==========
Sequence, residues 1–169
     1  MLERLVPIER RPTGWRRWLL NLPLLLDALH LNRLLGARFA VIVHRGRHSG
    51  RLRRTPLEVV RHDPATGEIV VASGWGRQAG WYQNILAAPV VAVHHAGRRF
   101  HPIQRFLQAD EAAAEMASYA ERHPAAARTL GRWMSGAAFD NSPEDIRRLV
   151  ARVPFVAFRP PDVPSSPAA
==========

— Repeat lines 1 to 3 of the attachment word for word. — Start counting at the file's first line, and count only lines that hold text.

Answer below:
Sequence, residues 1–169
     1  MLERLVPIER RPTGWRRWLL NLPLLLDALH LNRLLGARFA VIVHRGRHSG
    51  RLRRTPLEVV RHDPATGEIV VASGWGRQAG WYQNILAAPV VAVHHAGRRF